By Rev. Niza Joy F. Santiago
The ordained women ministers of the CPBC gathered for their 1st ever assembly at the CE Center of the University Church.
Seventeen CPBC-ordained women across the country gathered in celebration of 42 years of Women Ordination in CPBC last February 27, 2023 at the Christian Education Center, University Church, Central Philippine University, Jaro, Iloilo City.
The Convention of Philippine Baptist Churches has been ordaining women since 1980 after the assembly has agreed to do so during the 1979 General Assembly at Bakyas, Negros Occidental. The first woman to be ordained was Angelina Belluga Buensuceso on March 22, 1980 also at Bakyas, Negros Occidental. Since then, out of 152 ordained ministers, only 28 were women. Young women pastors only began to brave the process of ordination beginning only on 2018.
The longing for a church that is sensitive to the discrepancies and disparities within its structures and culture especially on the issues of discrimination against women, the ordained women took the initiative to gather with the purpose of creating a community where each can find and give support and inspiration.
The gathering began with a worship service where the ordained women donned their official robes and stoles. An overview of the history of the journey of CPBC towards women ordination was presented. A part of this remembering is also the acknowledgement of the 28 ordained women. The names of those who have already passed on were recognized and remembered as well as those who were present and are still in the service. Rev. Dr. Sharon Rose Joy Ruiz-Duremdes, being one of the prominent leaders of the CPBC and even of the bigger ecumenical circle, shared her journey towards ordination as she spoke the challenge. Her story, wisdom, passion, and compassion has surely lifted the spirits and the energy of the women present compelling us to think deeper and find meaning to our being ordained.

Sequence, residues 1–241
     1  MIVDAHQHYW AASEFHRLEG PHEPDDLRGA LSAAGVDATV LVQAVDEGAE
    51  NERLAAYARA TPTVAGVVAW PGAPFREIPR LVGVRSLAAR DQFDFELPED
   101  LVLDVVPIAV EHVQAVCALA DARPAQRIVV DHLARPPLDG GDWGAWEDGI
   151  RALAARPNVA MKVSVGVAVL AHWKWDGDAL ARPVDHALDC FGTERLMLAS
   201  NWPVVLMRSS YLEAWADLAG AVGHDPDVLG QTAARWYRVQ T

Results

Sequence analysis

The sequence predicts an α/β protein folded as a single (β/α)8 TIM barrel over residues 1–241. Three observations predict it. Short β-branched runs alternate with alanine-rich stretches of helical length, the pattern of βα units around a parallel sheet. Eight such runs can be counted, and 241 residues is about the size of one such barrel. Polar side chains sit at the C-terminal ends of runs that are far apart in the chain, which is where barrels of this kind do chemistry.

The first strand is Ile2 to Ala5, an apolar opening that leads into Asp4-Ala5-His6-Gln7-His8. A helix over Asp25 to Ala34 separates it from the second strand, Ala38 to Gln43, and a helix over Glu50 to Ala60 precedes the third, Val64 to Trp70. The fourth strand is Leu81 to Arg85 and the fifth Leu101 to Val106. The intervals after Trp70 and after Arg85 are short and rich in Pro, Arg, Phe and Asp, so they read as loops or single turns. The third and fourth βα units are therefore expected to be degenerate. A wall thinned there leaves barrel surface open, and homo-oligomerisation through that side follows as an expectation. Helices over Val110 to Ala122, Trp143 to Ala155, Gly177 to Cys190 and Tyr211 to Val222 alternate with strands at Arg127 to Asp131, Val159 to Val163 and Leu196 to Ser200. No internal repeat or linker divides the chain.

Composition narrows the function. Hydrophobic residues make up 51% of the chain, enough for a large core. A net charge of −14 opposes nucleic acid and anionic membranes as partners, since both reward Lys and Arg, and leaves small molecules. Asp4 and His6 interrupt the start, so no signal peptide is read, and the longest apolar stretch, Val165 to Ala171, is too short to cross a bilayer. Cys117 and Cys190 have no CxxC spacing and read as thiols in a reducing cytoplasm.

After the empowering ritual, came the coming to the table to eat and talk. The challenge to find a broader understanding and meaning of ordination in the Convention Baptist context was so resounding and inviting that many ideas and perspectives were laid to the table. Suggestions on how to better the presence and service of ordained ministers in general, not just limiting to the women were voiced out and echoed to the CPBC ordination council.
This first gathering of ordained women is very promising for the church’s work on empowering the women. A re-imagination of ordination, of pastoral office, of the church, and of the role of the women, is a much-needed task. It is a task to be taken seriously not only by the ordained women but also by the church to challenge the structures, cultures and traditions that discriminate and oppress, and to cater to growth and healing.
Rev. Dr. Sharon Rose Joy Ruiz-Duremdes reminds us that, “an ordained Baptist woman’s existence is buoyed by faith, hope, and love – these three. Faith propels us to nurture a strong conviction that the truth about our calling will prosper. Hope impels us to work together that an empowering and friendlier tomorrow may be experienced by all. Love challenges us to dismantle the lovelessness in our world and to build in its place a community of sisters and brothers where freedom and mutual respect are lived realities.”